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Will Syria's crumbling economy topple Assad?
Syrian President Bashar al-Assad is successfully seizing rebel strongholds and withstanding international pressure. But it's costing him a fortune
 
Two women in a besieged town near Homs: Syrian President Bashar al-Assad's brutal crackdown against rebel forces has crippled the nation's economy.
Two women in a besieged town near Homs: Syrian President Bashar al-Assad's brutal crackdown against rebel forces has crippled the nation's economy.
CORBIS

A year after rebel Syrians began their uprising against President Bashar al-Assad, the government's ongoing military campaign to wipe out the opposition is grinding the economy to a halt. Army roadblocks have cut off trade. The Syrian pound is plummeting in value, making imported staples unaffordable. Crucial oil revenues have been slashed by international sanctions. If rebels can't oust embattled Syrian President Bashar al-Assad, will his country's deteriorating economy do the job?

Despite recent wins, Assad can't survive economic collapse: "The past few weeks have been good for President Bashar al-Assad," says Britain's Telegraph in an editorial. "His army has crushed the rebels in Homs," he's met with United Nations peace envoy Kofi Annan, and he's made "cardboard" promises to hold parliamentary elections — "all signs of a dictator hitting his stride." This buys him time. But it doesn't come without a cost, and it doesn't change the end game. The "evisceration of Syria's economy" will eventually be Assad's undoing.
"Assad's canny game"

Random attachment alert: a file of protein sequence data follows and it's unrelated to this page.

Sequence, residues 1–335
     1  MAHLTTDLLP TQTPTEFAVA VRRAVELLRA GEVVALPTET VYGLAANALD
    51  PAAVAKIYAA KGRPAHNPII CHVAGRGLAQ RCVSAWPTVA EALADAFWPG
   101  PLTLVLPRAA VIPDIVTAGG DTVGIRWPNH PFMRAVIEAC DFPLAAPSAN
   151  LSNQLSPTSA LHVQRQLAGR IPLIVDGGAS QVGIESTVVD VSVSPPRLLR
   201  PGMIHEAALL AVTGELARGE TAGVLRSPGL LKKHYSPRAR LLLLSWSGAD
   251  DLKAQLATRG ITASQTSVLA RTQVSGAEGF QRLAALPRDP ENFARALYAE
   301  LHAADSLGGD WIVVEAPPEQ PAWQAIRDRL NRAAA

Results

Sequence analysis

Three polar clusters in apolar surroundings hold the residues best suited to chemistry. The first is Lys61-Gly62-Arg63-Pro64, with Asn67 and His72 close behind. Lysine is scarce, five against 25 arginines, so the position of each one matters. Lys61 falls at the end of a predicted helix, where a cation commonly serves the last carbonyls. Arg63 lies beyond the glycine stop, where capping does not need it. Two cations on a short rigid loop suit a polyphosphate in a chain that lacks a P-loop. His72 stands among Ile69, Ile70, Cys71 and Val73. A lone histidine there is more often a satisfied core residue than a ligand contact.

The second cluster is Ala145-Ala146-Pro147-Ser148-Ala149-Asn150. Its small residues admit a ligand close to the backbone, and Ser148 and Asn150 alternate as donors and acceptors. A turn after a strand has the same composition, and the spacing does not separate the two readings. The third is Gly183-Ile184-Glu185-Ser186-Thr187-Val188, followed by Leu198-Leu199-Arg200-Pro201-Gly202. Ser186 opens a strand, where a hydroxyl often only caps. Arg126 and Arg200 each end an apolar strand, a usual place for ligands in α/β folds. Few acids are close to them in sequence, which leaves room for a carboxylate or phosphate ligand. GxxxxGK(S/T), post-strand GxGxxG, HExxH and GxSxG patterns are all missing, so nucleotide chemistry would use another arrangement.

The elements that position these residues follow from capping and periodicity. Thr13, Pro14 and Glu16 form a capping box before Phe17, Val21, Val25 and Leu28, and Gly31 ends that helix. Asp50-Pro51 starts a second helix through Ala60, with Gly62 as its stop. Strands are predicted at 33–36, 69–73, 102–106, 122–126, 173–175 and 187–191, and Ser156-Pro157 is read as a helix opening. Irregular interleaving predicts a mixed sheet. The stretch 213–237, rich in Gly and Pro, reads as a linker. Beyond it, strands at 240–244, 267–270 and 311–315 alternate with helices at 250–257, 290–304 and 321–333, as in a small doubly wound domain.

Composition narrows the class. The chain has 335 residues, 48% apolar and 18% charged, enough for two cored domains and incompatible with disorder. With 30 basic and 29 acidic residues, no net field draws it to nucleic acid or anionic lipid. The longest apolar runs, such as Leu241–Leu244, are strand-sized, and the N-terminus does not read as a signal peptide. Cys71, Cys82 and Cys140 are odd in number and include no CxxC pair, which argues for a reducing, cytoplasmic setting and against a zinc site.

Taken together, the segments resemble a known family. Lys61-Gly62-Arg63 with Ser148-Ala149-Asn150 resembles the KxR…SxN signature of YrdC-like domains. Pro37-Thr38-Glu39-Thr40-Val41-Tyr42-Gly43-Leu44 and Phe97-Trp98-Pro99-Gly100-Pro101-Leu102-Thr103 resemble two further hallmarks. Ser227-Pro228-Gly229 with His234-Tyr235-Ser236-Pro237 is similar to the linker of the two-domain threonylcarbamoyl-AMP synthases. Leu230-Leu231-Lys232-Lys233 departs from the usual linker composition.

But the hardships strengthen Assad's hand: In some ways, Syria's economic collapse actually helps Assad, says Rick Moran at The American Thinker. "His gangster regime spreads the wealth around to his Alawite followers as well as a series of cronies in and out of the military who control the economy." That fortifies them, and gives them reason to fight on, while leaving "the 90 percent of Syrians who don't benefit by this set up" with nothing but "the blood of martyrs" to show for a year of protests.
"One year anniversary of Syrian uprising marked by pro-Assad rallies"

Assad can't pay off his supporters forever: Nobody believes Assad's promises of reform anymore, says Josef Olmert at The Huffington Post, and his "coffers are dwindling very quickly." Long after Assad runs out of money to keep his ruling Alawite minority happy, his adversaries in neighboring countries will still have plenty to spend on arms and aid for the rebels. At that point, even Assad's allies will abandon him.
"Syria, a year later"

 

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